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Pay dirt

Billionaire Warren Buffet, a man whose knows a thing or to about return on investment, once said that "Price is what you pay. Value is what you get.

Billionaire Warren Buffet, a man whose knows a thing or to about return on investment, once said that "Price is what you pay. Value is what you get."

This same sentiment could be applied to the announcement this week that city councillors in Prince George voted themselves a $7,000 raise starting next year.

The raise will bring councillor compensation to just over $30,000 per year in 2012, not counting what they receive for sitting on various committees, travel expenses, etc.

The mayor is not affected by this raise, but according to the latest figures, he is the highest paid mayor in B.C. for a city the size of Prince George.

At $94,228 he makes $16,000 a year more than the mayor of Chilliwack which has a population of at least 2,000 more than P.G.

The compensation committee that recommended the increase also proposed that the mayor's and councillors' salaries would increase at the same rate as the city's union exempt staff, or the average wage adjustment for public administrators calculated by Human Resources and Skills Development Canada.

Whichever percentage is lower would be used.

So in effect, union wage settlements approved by the politicians would set a benchmark for what they could eventually receive as councillors, since that serves as an indicator of what non-union employees should expect as well.

Given the history of wage settlements with municipal staff in Prince George, that is cause for concern. Just think of the 14 per cent negotiated by the firefighters in their last contract.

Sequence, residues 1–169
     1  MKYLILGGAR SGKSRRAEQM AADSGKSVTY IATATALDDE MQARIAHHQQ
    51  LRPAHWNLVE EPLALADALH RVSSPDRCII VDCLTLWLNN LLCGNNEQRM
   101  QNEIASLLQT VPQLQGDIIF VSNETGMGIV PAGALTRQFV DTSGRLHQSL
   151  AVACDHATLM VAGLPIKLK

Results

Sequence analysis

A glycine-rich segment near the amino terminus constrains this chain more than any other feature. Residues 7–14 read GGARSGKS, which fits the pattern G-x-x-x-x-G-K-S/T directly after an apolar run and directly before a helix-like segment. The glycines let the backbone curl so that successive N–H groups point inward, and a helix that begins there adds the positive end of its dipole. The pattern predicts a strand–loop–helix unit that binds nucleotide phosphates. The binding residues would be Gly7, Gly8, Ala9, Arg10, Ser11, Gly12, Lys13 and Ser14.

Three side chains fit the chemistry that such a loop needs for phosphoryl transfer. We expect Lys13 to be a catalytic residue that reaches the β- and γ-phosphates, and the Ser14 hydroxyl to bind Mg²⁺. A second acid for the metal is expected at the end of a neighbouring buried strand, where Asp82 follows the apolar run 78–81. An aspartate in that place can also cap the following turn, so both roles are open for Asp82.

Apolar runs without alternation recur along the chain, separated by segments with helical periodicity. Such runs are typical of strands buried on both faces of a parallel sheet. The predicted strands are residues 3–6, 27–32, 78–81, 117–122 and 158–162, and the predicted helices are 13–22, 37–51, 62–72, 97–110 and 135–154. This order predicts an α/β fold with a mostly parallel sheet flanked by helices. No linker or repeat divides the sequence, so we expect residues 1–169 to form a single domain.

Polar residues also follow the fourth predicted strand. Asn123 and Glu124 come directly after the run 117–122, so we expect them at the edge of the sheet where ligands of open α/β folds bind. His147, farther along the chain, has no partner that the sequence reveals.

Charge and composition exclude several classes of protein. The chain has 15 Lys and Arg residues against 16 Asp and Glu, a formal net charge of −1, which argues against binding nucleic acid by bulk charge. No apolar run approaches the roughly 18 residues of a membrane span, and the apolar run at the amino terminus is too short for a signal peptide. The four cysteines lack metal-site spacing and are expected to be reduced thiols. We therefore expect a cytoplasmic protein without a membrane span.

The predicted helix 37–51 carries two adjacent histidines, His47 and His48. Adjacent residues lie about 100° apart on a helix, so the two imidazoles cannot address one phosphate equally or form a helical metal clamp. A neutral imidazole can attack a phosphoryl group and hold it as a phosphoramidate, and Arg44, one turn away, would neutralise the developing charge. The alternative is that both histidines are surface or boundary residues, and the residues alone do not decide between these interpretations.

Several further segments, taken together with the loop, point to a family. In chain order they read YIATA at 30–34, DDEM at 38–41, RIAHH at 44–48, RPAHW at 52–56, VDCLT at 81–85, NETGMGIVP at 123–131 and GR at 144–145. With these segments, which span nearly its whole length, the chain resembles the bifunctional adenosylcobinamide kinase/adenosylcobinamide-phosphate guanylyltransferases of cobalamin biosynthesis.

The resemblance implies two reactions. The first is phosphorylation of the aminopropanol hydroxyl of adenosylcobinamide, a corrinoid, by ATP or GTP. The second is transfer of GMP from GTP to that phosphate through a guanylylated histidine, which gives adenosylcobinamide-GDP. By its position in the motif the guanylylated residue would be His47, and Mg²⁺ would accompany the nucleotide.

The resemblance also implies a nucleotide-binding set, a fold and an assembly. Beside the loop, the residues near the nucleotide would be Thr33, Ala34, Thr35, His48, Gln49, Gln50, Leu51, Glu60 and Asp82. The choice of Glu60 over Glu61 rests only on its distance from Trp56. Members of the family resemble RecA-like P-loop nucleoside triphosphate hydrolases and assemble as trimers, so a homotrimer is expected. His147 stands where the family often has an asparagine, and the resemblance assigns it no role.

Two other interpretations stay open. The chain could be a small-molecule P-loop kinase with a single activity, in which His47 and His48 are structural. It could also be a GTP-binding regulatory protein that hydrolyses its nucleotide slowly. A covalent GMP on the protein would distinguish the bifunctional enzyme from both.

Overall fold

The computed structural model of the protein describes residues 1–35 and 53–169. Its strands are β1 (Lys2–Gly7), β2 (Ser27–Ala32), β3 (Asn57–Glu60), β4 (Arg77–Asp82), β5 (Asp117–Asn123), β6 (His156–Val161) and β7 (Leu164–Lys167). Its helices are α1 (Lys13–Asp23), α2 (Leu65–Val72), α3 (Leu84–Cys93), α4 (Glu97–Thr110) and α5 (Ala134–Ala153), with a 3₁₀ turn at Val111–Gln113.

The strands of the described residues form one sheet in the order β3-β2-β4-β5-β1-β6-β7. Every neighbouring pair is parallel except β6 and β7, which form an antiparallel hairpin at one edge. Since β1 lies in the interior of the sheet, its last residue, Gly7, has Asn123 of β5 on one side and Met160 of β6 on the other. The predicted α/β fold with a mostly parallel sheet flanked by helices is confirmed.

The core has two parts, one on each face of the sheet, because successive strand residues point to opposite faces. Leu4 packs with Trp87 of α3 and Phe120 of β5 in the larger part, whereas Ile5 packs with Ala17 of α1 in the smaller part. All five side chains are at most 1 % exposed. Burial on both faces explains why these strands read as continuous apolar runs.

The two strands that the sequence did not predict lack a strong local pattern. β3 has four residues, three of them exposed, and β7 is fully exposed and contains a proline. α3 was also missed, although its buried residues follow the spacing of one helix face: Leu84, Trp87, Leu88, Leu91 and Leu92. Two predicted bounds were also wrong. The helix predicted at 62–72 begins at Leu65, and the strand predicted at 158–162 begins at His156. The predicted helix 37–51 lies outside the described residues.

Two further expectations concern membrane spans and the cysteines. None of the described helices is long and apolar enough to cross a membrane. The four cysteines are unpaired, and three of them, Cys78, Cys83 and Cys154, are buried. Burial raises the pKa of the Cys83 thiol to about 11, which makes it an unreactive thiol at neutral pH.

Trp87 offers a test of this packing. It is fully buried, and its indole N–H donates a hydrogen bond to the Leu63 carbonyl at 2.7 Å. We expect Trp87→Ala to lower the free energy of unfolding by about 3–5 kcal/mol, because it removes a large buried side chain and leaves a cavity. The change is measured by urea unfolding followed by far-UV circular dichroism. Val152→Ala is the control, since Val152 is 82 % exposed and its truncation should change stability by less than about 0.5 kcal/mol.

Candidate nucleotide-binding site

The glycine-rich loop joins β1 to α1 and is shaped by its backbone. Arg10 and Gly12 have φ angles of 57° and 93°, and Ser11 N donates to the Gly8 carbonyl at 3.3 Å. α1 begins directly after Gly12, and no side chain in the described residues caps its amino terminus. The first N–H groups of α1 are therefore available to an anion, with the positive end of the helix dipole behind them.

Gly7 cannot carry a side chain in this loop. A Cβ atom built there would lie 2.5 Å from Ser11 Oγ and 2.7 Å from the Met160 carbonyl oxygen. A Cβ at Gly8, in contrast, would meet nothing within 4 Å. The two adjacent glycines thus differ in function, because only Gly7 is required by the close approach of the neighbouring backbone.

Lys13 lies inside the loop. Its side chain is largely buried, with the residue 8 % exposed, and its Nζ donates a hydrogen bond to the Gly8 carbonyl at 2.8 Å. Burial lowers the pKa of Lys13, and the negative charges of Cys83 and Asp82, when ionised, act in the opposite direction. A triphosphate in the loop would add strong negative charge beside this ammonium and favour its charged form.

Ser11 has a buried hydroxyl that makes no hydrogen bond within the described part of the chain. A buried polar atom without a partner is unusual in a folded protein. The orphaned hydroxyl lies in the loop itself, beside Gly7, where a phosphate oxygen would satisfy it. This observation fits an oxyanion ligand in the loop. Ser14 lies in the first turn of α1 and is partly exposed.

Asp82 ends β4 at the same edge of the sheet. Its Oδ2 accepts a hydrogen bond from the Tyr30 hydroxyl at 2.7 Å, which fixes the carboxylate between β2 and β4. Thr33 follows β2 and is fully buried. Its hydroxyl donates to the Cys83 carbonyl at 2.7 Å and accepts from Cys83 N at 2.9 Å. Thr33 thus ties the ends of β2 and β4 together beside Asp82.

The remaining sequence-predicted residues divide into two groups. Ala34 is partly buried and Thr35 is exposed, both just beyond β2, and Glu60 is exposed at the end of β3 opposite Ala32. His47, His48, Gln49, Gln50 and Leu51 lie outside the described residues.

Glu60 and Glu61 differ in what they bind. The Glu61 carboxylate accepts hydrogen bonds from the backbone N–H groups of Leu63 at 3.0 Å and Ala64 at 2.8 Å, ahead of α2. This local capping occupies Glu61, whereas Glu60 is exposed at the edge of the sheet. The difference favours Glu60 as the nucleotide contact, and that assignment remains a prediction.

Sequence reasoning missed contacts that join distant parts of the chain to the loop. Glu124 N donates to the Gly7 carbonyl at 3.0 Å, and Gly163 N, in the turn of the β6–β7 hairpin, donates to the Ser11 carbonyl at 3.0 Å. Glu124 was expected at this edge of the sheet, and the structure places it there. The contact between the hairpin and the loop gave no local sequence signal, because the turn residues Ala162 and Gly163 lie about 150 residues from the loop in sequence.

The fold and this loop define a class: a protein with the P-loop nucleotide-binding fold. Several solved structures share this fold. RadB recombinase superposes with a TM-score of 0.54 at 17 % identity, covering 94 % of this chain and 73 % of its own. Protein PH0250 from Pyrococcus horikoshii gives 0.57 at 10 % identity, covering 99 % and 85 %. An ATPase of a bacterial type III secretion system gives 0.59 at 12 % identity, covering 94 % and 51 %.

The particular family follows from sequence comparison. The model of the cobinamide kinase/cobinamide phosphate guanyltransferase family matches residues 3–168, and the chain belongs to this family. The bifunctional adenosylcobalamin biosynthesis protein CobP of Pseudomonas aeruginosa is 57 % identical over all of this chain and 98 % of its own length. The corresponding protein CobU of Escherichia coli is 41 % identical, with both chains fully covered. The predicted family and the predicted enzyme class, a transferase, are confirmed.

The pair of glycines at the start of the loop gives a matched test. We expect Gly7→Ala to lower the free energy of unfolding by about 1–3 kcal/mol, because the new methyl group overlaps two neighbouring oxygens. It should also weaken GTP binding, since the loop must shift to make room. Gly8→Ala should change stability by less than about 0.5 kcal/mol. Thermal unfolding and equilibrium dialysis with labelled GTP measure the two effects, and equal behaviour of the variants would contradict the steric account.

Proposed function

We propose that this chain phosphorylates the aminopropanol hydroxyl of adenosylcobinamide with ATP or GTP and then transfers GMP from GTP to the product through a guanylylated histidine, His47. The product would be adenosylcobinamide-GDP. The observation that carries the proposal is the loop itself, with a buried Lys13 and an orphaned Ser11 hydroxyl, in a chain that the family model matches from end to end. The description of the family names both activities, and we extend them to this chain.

Whether our mayor and councillors are fairly paid, above or below the average for other cities in B.C., is really not the issue here. The issue goes back to Buffet's quote.

It's not what we pay municipal politicians; it's whether or not we feel that we are receiving value for our money.

To determine that, ask yourself these simple questions.

Are you satisfied with the level of services that you are receiving as a taxpayer in Prince George?

Do you feel that your tax dollars are being wisely spent by our elected officials?

Are you satisfied that our politicians are looking out for the best interest of the voters in the way they run the city?

Are you happy with the treatment you receive when you deal with city politicians and staff? Are you satisfied with the salaries being paid city staff?

Are you convinced that our elected officials have pursued every avenue for delivering city services in as cost effective manner as possible - including contracting out?

Are you satisfied that the politicians are utilizing enough volunteers where possible to improve the city?

Are you satisfied that city hall is focused on providing core services as opposed to handing out money to hockey arenas, golf courses, non profit organizations and cultural groups?

Are you happy with the amount of money the city spends on consultants?

This list is by no means exhaustive, but if you cannot answer yes to most of them, then you would be one of those people questioning why we should be paying our councillors an extra $7,000 - especially on the heels of a financial meltdown that we still haven't shaken off in P.G.

Mayor and council may have to wait until November to see how the majority of P.G. taxpayers would answer.

-- Prince George Citizen